Driving past the corner of Cach Mang Thang Tam and Suong Nguyet Anh the other day, I chanced upon an old favourite eatery that I had forgotten about. I remember when I first came to Vietnam and visited this place back in 1994. This is an iconic family-owned place that has been open for over 30 years. It was filled with customers and my first thought was that I needed to re-acquaint myself with it.
Inside the open-front eatery you will find different individual street food carts serving bo bia, goi du du bo, nuoc mia and bun rieu. Tables and plastic chairs are tightly packed next to the motorbike parking, and the traffic noise creates a classic indoor street scene.
Bo bia, one of the most famous southern Vietnamese dishes, is a type of Vietnamese summer roll with Chinese sausage (lap xuong or lap cheong), eggs, cassava root (cu san), dried shrimp, basil, mint and lettuce. Cassava root is similar to water chestnut and jicama, or yam bean, as it has a crisp and clean taste, even after being cooked. It is tightly rolled in a banh trang (rice paper) wrapper then dipped in a hoisin sauce and seasoned with roasted peanuts and chilli paste.
The other popular dish here is goi du du bo (green papaya salad with beef jerky). This dish reminds me more of a slaw done Vietnamese style, rather than a salad. You can order it without the jerky if preferred. The salad is made up of shredded unripe papaya with roasted peanuts, chilli, basil and rau ram (persicaria, or Vietnamese coriander).The shredded papaya is served with a soy sauce that is seasoned with garlic, palm sugar, lime, chilli, and topped with a deep-fried shrimp cracker.You can find similar dishes from Laos, Thailand and Cambodia, the differences being in the sauce and type of toppings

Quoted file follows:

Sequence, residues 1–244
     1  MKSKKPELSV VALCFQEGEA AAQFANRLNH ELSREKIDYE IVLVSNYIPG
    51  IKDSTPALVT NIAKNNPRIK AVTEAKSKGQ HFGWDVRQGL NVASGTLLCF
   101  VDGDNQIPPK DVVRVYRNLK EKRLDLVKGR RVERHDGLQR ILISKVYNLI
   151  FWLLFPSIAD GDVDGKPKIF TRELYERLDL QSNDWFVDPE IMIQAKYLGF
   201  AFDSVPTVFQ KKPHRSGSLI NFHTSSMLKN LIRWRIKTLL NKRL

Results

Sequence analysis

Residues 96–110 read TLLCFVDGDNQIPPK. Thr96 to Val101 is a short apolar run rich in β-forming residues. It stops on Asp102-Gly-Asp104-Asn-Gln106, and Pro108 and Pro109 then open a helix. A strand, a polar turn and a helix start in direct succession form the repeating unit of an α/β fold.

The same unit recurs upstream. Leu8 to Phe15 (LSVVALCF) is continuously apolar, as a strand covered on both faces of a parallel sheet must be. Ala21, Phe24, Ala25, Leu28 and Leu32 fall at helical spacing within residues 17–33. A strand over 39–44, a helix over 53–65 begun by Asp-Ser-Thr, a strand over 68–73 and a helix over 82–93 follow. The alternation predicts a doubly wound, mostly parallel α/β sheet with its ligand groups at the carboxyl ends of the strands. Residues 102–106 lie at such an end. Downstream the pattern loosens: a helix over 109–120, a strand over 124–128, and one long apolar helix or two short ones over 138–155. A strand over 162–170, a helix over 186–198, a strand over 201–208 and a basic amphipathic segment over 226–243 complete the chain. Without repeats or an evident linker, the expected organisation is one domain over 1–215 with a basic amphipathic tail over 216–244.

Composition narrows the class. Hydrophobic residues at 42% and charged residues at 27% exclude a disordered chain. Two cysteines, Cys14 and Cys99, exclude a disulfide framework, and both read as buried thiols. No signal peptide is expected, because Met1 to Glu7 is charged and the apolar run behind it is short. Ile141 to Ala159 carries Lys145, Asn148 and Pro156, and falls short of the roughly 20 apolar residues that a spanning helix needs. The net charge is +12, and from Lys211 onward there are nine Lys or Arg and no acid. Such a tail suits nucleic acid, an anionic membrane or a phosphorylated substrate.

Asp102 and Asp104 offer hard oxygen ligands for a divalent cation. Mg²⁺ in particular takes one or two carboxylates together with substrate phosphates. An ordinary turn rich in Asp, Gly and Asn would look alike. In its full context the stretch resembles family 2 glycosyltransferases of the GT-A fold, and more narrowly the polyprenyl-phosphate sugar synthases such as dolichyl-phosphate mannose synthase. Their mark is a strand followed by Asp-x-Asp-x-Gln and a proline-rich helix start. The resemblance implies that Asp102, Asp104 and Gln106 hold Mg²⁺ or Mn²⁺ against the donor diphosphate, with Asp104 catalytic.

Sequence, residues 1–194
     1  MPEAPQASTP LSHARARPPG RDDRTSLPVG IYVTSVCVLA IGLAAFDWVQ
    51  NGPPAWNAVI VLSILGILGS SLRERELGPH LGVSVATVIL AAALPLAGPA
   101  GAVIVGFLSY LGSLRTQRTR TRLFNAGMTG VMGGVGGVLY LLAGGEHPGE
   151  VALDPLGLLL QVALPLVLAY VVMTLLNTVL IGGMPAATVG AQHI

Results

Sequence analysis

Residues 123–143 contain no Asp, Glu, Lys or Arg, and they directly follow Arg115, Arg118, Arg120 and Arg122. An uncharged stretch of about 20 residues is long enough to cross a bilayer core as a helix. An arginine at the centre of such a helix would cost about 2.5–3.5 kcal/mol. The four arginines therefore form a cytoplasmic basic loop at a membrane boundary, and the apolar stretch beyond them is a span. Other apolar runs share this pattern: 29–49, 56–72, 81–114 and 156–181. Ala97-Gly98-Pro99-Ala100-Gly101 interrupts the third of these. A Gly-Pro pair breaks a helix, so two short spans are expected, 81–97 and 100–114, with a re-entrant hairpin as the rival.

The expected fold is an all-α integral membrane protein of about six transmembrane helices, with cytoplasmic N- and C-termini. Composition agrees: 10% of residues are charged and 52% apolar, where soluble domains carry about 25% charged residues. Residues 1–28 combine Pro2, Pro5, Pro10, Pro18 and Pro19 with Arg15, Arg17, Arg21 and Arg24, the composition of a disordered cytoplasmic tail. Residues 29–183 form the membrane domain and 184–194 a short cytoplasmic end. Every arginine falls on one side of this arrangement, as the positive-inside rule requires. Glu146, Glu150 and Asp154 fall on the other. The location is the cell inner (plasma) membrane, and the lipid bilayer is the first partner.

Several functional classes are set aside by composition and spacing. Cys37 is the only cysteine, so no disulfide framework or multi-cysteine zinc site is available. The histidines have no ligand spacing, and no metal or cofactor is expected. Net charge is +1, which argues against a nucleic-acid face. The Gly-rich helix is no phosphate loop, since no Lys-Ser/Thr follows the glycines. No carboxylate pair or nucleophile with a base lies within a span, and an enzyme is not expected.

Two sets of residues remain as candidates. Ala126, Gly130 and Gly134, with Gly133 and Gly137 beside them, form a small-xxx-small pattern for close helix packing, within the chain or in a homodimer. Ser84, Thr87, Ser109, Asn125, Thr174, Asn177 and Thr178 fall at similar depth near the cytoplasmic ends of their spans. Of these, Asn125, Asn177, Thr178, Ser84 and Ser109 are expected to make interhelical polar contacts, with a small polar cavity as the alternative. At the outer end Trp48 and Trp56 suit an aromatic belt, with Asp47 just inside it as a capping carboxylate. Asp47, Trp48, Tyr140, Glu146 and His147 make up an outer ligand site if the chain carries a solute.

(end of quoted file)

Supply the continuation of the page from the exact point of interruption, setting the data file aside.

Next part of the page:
While bo bia and goi du du are famous in their own right, in my mind their nuoc mia is legendary. Freshly-squeezed sugar cane juice with a slice of citrus over ice is the best thirst quencher, bar none. It was amazing when I first tried it nearly 20 years ago, and it is still good now.